Monday, September 21, 2009

Dip the apple in the honey....

It's a new year - תש"ע, or 5770 since the world was created. Rosh Hashana always reminds me of my grandfather, my mother's father, which is funny, because to the best of my recollection, we never spent the holiday together. I imagine that Zeidy is listening to the shofar, critiquing the baalei tefilah, keeping things moving along in the yeshiva shel maala... And Bubby is wishing everyone gut yontiff, loudly, and handing out honey cake. I made their honey cake for chag, the famous honey chiffon cake that Bubby used to bring to doctors to ensure a good report, and the same cake that they used to make and deliver to friends, just because they liked it. I served as speedy delivery girl on more than one occasion, to one of their friends - who is my age, not theirs - who lived in our neighborhood. Baking and eating the cake, which I foolishly never particularly enjoyed when they made it, is now one of those traditions I won't let go of; Dani loves it, and anxiously awaits the the Rosh Hashana season just for a taste of Bubby and Zeidy's honey cake. They were special people, and this cake reminds me of them and the high standard they represented, one I struggle with daily to uphold. Bubby may not have been well-educated, but she was a true believer. Zeidy did not always deliver his message in the most politically correct or diplomatic way possible, but damn if he wasn't usually correct. He lived and breathed Torah; he knew more by heart than many learn in a lifetime, and he got the greatest joy out of learning and living by what he learned. Hope they are up there, acting as meilitz yosher for all of us. We could use it.

As much as it is not my policy to share baking recipes, I could not imagine anything better than everyone baking this honey cake for their New Year - also great to end your pre-Yom Kippur meal. If anyone out there would like to try it out, here is the recipe:

Honey Chiffon Cake

9 eggs, separated
2/3 cup sugar, divided use
1-1/3 cup flour
3/4 teaspoon baking soda
1/2 cup oil
1/4 cup honey

Preheat the oven to 350 degrees. Beat the egg whites with 1/3 cup sugar until stiff peaks form. (If you are unaccustomed to beating egg whites, start beating the whites with a whisk beater. When the whites begin to froth, add the sugar slowly, beating on high speed.) Transfer the whites into a large bowl (unless you have two mixer bowls, in which case, use a second bowl). Beat the yolks with the remaining 1/3 cup of sugar, the add the oil, some of the flour, baking soda, honey (spray the measuring cup with cooking spray before measuring the honey, which will allow the honey to slide out easily.), and then the remaining flour. Mix a small amount of the beaten whites - by hand - into the yolks to lighten them, then fold the yolk mixture into the whites. Pour into an ungreased tube pan. Bake for 45 - 60 minutes, until the top is browned and puffed and does not feel moist. Cool upside down.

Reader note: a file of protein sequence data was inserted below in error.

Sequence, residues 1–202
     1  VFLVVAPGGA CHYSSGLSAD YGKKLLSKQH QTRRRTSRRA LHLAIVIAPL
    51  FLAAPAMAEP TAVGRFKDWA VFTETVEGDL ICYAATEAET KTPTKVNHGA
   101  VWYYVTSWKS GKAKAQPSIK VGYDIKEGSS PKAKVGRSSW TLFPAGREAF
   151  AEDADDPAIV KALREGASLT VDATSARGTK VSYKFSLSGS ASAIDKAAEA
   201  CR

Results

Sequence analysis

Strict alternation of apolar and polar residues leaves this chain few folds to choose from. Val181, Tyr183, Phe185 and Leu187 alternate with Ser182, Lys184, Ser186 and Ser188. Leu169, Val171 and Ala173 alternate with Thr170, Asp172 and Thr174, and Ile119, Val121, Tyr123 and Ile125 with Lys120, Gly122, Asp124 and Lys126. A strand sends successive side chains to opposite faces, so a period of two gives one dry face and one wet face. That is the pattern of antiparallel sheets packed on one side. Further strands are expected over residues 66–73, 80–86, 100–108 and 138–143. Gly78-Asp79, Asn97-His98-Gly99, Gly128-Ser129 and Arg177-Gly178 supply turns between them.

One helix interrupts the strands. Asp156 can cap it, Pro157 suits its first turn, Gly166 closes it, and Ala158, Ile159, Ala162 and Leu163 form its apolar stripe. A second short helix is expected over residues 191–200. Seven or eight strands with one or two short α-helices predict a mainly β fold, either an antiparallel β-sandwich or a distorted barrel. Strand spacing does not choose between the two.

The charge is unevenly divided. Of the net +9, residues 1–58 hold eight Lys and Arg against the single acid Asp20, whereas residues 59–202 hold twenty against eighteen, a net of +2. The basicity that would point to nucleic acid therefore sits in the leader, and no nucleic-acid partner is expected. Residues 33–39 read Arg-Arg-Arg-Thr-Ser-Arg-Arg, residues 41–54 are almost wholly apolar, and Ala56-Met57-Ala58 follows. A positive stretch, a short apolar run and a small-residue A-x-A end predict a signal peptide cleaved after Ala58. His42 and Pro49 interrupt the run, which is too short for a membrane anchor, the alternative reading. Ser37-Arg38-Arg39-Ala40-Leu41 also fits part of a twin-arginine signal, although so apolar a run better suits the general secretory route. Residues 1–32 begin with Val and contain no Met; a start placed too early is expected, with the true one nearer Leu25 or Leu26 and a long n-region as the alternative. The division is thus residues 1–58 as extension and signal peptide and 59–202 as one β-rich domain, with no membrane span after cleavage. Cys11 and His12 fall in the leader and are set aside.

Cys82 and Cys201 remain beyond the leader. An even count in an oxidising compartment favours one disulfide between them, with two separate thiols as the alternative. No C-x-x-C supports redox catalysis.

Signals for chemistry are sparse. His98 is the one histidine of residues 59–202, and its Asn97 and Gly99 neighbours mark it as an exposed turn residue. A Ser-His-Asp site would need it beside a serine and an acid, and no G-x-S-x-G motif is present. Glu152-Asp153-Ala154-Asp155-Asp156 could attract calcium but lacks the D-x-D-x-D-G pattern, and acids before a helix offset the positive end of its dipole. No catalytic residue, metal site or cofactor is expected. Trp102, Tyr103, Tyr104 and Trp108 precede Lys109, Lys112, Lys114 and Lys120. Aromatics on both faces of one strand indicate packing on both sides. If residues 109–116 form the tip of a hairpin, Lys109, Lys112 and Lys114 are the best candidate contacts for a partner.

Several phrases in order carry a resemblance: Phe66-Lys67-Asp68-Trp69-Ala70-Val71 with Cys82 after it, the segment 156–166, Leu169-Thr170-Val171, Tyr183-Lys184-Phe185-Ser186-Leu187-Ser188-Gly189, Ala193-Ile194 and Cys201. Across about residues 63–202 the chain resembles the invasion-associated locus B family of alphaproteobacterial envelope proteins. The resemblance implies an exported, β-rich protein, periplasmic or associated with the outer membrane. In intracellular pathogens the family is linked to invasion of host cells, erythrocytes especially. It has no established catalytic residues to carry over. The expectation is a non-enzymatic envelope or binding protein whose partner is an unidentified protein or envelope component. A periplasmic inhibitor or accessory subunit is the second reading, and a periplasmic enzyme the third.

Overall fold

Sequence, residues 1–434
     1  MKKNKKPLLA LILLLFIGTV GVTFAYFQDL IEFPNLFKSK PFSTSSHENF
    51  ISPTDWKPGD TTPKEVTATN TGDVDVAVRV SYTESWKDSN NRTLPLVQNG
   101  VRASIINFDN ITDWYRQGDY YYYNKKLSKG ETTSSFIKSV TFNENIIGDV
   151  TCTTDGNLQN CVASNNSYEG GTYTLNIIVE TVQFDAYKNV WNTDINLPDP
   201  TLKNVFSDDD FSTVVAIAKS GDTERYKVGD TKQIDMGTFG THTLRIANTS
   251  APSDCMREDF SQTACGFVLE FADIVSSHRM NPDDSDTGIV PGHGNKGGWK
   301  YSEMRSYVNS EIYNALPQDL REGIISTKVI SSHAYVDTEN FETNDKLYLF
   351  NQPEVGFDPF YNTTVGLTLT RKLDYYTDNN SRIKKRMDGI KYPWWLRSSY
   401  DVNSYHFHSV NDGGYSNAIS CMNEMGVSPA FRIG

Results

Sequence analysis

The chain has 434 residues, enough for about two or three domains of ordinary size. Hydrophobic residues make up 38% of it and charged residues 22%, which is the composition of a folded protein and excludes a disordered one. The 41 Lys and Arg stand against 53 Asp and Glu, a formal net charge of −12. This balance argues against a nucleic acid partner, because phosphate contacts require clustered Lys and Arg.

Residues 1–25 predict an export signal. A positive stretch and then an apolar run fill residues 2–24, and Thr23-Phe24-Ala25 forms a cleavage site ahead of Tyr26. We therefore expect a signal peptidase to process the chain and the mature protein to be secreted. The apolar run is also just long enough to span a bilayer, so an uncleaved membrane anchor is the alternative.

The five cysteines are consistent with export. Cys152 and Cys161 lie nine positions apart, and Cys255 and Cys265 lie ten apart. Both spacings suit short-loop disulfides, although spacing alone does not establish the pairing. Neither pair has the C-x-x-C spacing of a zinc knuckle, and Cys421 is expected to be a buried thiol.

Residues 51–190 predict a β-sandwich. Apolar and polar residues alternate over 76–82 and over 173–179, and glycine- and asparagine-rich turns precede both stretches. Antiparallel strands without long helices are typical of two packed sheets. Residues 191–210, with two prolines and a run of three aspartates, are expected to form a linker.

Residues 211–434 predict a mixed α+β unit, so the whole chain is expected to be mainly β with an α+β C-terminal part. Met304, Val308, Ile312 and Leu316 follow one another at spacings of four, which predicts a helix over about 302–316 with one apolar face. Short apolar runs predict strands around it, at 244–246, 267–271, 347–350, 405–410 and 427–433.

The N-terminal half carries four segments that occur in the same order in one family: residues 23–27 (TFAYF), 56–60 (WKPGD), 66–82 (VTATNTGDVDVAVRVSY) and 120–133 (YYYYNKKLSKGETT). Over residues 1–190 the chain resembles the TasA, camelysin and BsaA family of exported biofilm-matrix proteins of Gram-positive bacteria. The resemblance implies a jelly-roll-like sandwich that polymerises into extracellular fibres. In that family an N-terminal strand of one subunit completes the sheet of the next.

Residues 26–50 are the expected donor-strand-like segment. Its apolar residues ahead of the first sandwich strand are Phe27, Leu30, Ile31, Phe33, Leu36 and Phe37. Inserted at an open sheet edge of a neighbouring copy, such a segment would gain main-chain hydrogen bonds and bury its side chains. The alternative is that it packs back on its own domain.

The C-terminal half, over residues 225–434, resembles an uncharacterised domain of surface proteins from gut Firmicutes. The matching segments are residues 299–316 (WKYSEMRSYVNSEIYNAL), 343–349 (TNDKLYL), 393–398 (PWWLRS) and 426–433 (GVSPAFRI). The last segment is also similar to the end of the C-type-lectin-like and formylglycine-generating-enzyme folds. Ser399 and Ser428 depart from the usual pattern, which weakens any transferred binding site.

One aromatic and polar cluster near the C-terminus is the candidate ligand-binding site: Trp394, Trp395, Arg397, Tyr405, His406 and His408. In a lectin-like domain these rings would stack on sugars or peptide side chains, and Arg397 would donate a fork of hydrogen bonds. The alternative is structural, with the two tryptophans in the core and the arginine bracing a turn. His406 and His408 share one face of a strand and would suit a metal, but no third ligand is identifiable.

Our Rosh Hashana was good. We enjoyed the simanim on the first night, having tried to incoprate them into some dishes. The leek kugel was a partcular hit - thanks, Caryn! We shared lunch on the first day (davening ended by 12:30) with our two pot-luck buddy families - Lori and Seth, and Ariel and Josh. It was a pleasure to host; the fun of having company, without half of the work or half the pressure. I think it is a good thing to be with good friends on chag. In the same vein, we went to Shoshana and Steven's for lunch the second day, which is liable to become a chazaka next year, so watch out! As always, we had a great time there. David worked very hard in getting ready (gabbai-wise) for yom tov, and it thankfully paid off, as things went smoothly in shul.

I managed to crank out over 500 cookies and bars for chag, but I would not have been able to get then out to my customers without my chief assistant, Shana. She assembled the platters, according to a very complicated spreadsheet, for almost two and a half hours. I wrapped, and then she labeled, and we seem to have been successful. Here are most of the platters from erev Rosh Hashana - actually forgot AGAIN to take pictures until everything was wrapped - guess that's the way the cookie crumbles (sorry, amusing myself).
I developed three new flavors for the holiday: honey sugar cookies, a soft sugar cookie delicately flavored with honey; caramel apple bars, soft, cakey bars, studded with apples and raisins, topped with a caramel glaze; and spiced carrot bars, carrot cake-like bars, full of carrots and golden raisins, frosted with a honey-cinnamon cream. So without further ado, here are a few close-ups.
Mint brownies, black and white cookies, apple crumble bars, spiced carrot bars, honey sugar cookies, peanut butter bites.
Lemon wedges, chocolate dipped chocolate caramel cookies, caramel apple bars, chewy chocolate chip cookies, chocolate cherry brownies, molasses cream sandwiches.
And that's all for now. Hope you are enjoying a meaningful Aseret Y'mai Teshuva.
P.S. Am now adding pictures to previous posts!

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